“I suspect that there’s some kind of hidden interest behind it, because we had never seen this before. We’ve had bigger fires and it’s only now that we have this worldwide ruckus,” Martinez said.
Another resident, Geane Pereira de Souza, walked out of a hospital pushing a wheelchair carrying her teenage son. She said the Brazilian government has not done enough to protect the rainforest and that international help is needed.
“Any help is good and welcome,” she said. “The Amazon means everything to me. Some say it’s like the heart of the world.”
About 60% of the Amazon region is in Brazil. The vast Amazon also spans parts of Bolivia, Colombia, Venezuela, Ecuador, Peru, Guyana, Suriname and French Guiana, an overseas region of France.
Bolivia, which shares a border with Brazil, is also struggling with fires, many of which got out of control in high winds after being intentionally set during an expansion of farming and ranching.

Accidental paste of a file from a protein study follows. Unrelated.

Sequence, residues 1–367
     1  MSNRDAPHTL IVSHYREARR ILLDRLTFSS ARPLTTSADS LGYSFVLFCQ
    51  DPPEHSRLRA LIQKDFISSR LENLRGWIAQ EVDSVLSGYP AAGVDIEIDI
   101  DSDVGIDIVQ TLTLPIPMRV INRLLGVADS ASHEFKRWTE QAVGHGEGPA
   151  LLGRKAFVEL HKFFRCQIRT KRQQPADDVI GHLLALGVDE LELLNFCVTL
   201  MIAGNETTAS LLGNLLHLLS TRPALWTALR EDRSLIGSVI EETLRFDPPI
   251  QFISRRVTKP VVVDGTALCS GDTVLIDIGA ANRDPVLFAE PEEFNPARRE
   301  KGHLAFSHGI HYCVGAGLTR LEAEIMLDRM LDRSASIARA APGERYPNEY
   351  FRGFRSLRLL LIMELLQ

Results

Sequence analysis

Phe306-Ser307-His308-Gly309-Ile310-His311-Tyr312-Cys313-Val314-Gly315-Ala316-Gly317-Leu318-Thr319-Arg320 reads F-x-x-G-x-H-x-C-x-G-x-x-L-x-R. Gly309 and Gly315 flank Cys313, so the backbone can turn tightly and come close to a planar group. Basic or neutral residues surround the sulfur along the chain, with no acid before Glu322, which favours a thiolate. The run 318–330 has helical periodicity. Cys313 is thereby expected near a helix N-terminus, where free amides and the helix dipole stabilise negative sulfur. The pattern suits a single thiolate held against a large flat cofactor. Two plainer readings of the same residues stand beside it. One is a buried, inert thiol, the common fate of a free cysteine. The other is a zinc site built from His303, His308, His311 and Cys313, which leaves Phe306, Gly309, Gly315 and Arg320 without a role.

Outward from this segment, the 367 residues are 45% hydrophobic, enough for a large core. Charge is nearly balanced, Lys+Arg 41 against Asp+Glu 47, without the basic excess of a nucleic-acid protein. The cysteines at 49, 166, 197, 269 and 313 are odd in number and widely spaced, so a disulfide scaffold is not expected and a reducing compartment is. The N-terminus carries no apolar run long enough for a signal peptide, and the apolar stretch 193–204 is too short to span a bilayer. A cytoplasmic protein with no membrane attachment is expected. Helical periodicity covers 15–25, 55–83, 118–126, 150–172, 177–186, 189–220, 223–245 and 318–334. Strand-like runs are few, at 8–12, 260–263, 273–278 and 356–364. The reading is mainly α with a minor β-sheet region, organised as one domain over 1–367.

The fires started in July and have consumed 18,000 square kilometers (6,950 square miles) in the Bolivian Amazon and Santa Cruz, the country’s agro-industrial center, according to satellite images assessed by Fundación Amigos de la Naturaleza, a Bolivian environmental group.
President Evo Morales said up to 30% of the burned area had been intact forest, while the rest was set on fire in the annual cycle of land-clearing.
Lingering smoke in the Amazon, meanwhile, is reportedly causing increased respiratory problems — particularly among children and the elderly — as fires in the region rage.